In honor of pride month, our firm is discussing the importance of estate planning for LGBTQIA+ individuals and families. You may be surprised to learn that every Florida resident has an estate plan in place right now—yes—even those who do not have a will, power of attorney, or health care advance directives; Florida has provided you with a default estate plan.
Unfortunately for many LGBTQIA+ Floridians, the “default” estate plan under Florida law may not be what they want or need. For many individuals, their loved ones or chosen family members are different from who the law defines as family because the law does not always recognize or prioritize the ones we trust the most. For example, when a Florida resident dies owning assets in their individual name and without a will in place, their assets pass according to Florida’s intestacy laws, regardless of what their wishes may be. The intestacy laws lay out an order of priority of who will inherit your property (spouse, children, parents, siblings, etc.). Similarly, Florida residents who become incapacitated may be subject either to a court-monitored guardianship proceeding or Florida’s laws appointing a health care proxy. Additionally, absent written directions to the contrary, guardians for minor children will be selected by the court, and may not be the individuals a person would otherwise choose to care for their minor children.
For some LGBTQIA+ individuals and families, Florida’s default laws designating heirs and fiduciaries may not reflect their wishes. Will the person entitled to serve as health care proxy respect a transgender or gender non-conforming individual’s pronouns or desires for gender affirming care? How can you guarantee your partner (if unmarried) or other chosen family will be entitled to inherit your property, receive certain private health care information, have priority for appointment as guardian of your minor children, or have priority to dispose of your remains after death?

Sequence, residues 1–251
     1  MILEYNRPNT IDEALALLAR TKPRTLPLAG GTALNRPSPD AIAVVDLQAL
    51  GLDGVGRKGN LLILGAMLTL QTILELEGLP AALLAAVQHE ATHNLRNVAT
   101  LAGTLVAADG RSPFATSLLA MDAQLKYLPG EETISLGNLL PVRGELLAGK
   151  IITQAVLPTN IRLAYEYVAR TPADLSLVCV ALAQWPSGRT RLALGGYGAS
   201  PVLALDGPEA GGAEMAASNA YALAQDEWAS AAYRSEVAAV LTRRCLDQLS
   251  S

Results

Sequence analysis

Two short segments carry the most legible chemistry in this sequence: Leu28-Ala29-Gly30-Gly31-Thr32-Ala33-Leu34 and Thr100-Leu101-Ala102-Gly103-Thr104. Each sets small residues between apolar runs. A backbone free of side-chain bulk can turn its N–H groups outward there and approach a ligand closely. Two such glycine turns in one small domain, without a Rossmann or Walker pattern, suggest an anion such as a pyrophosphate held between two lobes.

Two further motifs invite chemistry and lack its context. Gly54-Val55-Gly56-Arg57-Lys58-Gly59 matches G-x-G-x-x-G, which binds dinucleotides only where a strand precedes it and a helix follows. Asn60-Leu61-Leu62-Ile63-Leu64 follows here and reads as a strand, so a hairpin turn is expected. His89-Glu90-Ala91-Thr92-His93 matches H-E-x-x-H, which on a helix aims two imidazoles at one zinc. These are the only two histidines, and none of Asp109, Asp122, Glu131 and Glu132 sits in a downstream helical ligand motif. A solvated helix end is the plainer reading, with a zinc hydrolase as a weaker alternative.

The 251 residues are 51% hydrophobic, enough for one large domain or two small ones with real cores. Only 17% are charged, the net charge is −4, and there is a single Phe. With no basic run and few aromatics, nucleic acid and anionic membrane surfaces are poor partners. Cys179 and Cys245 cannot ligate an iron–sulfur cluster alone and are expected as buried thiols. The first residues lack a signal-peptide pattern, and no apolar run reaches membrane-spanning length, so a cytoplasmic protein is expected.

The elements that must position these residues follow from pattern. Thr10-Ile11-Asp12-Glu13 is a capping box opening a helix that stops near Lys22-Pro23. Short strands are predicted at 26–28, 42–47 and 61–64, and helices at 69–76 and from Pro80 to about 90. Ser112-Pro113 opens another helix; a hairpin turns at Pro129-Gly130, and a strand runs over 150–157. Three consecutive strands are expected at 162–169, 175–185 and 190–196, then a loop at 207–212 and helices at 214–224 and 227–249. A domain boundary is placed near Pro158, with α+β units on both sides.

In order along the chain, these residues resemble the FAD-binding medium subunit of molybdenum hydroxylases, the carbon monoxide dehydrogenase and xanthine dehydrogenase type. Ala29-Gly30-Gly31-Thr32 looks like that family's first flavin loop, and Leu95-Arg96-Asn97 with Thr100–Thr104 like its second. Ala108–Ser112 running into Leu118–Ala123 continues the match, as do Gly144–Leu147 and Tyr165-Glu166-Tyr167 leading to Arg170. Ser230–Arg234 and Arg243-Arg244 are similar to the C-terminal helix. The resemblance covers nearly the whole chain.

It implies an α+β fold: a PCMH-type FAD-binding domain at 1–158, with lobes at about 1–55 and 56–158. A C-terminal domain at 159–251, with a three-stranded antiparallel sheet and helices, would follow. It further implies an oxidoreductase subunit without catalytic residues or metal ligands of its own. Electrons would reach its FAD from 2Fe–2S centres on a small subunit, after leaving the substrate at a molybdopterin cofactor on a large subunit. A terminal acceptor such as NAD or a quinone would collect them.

Fortunately, Florida law provides avenues for individuals and families to design their own estate plan – but action is required. As part of any well-designed estate plan, a Florida resident should consider executing a durable power of attorney, designation of health care surrogate, and living will declaration:
- A durable power of attorney allows an individual to designate one or more agents to manage property and make financial decisions on their behalf. It is effective immediately upon execution.
- A designation of health care surrogate operates to designate one or more surrogates to make health care decisions on your behalf.
- A living will declaration makes known your wishes for certain end-of-life decisions.
Together, these three documents will reduce the need or likelihood of a court-monitored guardianship in the event a person becomes incapacitated.
Florida residents should also consider executing a last will and testament which distributes devises their individually owned assets at death and designates who will serve as the personal representative of their estate after death. Some individuals should also consider creating a revocable trust for the management and disposition of non-retirement assets, second homes, or out-of-state property. A will or revocable trust may be customized to meet various goals, whether planning for minor children, spendthrift family members, minimizing estate taxes, or ensuring an unmarried partner or other chose family inherits property that they would otherwise not be entitled to inherit under Florida’s intestacy statutes. Even with a will or revocable trust in place, it is important that all beneficiary designations, such as for retirement accounts and life insurance, are updated and coordinate with the will and trust.
Lastly, a well-designed estate plan will also consider whether an individual should execute a HIPAA Authorization form designating certain individuals who may receive their private health information, execute written instructions designating an individual authorized to make funeral or cremation decisions, and designate one or more guardians for minor children.
The rights to dispose of your property how you wish and manage your finances and personal health care according to your wishes are important rights in the state of Florida., We believe it is vital for LGBTQIA+ individuals and families to understand how they may use the avenues available under Florida law to design an estate plan that aligns with their wishes and protects their loved ones. If you or your family wish to discuss how you can design an estate plan that meets your unique needs and effectuates your wishes, our firm welcomes you, and we would look forward to the opportunity to work with you.
We wish everyone a wonderful and safe pride month full of joy and celebration!